After three months hospitalised, Mohamed was left unemployed, injured, and penniless, so he decided to file a law suit. But at court, he was met with corruption, and unscrupulous gains. “It took me about a year; I was transferred to a court in Bab El-Khalq for another year, and then to the high court in Abbaseya to a forensics specialist… mawaweel! I had to sell all my possessions at home, a TV that I had bought, and the washing machine to be able to pay the lawyers,” he says.
Having lost everything he owned, Mohamed strove to find a job in a cleaning company, but as he saw his colleague left to die anonymously in the street, he refused to sell his dignity for a meager salary and resigned. “We were all together standing on the back of a truck moving very fast when a tree branch hit one of us and he fell off. Do you know what the company did? They took off his uniform and tossed him aside on the road so that it would look like someone who was run over by a random car. After I saw what happened to him, I decided I’m worth more than that,” he utters.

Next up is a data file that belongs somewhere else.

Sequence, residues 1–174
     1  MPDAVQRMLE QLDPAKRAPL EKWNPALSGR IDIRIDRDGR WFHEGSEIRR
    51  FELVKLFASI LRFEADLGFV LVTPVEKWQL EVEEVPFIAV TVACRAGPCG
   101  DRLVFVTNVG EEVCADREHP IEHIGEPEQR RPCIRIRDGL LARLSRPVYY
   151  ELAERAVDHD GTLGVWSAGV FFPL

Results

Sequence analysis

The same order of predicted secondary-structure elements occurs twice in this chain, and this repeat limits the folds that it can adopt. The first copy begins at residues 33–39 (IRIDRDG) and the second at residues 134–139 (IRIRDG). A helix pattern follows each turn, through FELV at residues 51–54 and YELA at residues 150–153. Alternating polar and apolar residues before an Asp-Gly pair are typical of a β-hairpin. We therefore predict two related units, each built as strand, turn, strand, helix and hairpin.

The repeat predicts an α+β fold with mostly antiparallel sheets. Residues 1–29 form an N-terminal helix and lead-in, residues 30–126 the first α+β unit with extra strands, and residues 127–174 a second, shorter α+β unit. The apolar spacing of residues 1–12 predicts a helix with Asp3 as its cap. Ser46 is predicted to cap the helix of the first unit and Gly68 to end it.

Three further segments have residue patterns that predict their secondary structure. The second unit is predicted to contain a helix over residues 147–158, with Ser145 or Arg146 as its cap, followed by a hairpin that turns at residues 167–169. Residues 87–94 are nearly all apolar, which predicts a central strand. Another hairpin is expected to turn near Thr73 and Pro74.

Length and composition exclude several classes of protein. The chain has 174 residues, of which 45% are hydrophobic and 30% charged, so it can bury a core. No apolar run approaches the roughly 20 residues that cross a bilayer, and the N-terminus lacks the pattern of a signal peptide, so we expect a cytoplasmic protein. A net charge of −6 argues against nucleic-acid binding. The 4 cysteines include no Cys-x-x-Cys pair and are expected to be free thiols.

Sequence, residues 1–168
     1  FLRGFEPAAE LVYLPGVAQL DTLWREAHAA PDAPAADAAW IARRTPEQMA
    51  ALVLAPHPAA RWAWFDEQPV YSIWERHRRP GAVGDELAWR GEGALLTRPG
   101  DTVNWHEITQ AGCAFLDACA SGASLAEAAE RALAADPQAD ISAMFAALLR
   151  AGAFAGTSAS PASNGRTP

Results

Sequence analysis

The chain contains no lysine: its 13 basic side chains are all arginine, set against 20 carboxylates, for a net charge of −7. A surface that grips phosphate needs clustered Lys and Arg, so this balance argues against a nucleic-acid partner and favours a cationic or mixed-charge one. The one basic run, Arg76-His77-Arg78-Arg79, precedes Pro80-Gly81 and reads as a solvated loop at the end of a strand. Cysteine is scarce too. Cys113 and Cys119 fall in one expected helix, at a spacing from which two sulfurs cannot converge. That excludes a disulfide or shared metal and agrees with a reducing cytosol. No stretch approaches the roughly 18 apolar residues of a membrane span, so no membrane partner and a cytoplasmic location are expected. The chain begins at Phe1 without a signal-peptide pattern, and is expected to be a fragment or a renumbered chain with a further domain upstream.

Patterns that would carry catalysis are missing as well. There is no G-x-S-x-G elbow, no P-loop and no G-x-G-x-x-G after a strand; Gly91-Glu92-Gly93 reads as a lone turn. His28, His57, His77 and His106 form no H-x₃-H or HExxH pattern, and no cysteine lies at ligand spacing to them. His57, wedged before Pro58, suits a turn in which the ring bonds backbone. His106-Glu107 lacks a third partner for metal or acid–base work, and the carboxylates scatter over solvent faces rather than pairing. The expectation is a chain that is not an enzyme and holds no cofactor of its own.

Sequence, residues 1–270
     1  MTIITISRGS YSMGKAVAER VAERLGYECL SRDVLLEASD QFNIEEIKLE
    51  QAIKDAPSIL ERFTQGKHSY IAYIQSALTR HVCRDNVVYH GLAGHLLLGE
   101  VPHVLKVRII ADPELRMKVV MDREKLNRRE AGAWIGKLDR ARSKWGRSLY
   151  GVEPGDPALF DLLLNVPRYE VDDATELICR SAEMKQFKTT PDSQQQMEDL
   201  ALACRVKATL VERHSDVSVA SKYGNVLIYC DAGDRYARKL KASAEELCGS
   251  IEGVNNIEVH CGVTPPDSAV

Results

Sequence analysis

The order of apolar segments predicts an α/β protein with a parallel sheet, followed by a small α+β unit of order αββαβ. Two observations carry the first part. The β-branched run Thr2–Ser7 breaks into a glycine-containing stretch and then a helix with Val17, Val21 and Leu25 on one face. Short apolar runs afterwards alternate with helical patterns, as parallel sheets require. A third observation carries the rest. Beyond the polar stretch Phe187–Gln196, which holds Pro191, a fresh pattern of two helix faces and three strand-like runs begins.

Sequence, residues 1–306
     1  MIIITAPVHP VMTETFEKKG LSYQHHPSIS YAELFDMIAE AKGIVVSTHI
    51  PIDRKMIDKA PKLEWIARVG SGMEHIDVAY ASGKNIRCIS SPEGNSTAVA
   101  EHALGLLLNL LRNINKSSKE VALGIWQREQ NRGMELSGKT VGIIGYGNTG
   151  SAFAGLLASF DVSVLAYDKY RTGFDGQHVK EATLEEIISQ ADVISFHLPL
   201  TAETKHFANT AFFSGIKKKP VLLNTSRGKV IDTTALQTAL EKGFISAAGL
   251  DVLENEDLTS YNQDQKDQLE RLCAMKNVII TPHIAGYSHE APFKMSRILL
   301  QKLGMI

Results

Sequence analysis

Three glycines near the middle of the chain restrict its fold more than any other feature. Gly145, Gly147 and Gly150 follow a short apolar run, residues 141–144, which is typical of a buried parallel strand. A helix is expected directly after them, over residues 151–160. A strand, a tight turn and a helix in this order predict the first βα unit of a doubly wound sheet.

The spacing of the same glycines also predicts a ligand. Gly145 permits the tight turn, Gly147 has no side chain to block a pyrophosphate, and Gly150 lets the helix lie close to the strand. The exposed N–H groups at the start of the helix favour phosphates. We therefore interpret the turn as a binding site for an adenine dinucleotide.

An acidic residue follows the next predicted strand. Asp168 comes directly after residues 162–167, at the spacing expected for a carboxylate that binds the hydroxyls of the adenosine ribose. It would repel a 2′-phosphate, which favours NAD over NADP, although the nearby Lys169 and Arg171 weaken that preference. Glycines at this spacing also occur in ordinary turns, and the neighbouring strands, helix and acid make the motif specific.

12 years later, and Mohamed is a legend in Maadi’s street 15, where he sells cleaning products. “What am I supposed to do? Start begging? I wouldn’t do that even if my life depended on it,” he says euphorically. Suddenly, he stops talking. He looks around, runs towards a 4×4 car parked across the street, and arms wide open, mimics the stealing of a wheel. He comes back, graciously running, as he says: “Some people do that. It would be easy to take a wheel and sell it for 10 pounds, but that’s not in me.”
His theatrical skills and mischievous eyes have gained the hearts of his neighbours, who dedicate special Ma’edat Rahman every Ramadan for him. This year, one of his frequent customers volunteered to announce to her neighbours online that he will be placed in Moustafa Kamel Square to avoid conflicts with other street vendors. “There’s a very nice doctor that comes by from time to time bringing Ramadan goods; last year, they climbed all over her car to the point of breaking her windows asking her ‘we7na! we7na! (What about us?)’. I wouldn’t want that to happen anymore. Everyone wants to take something from you.”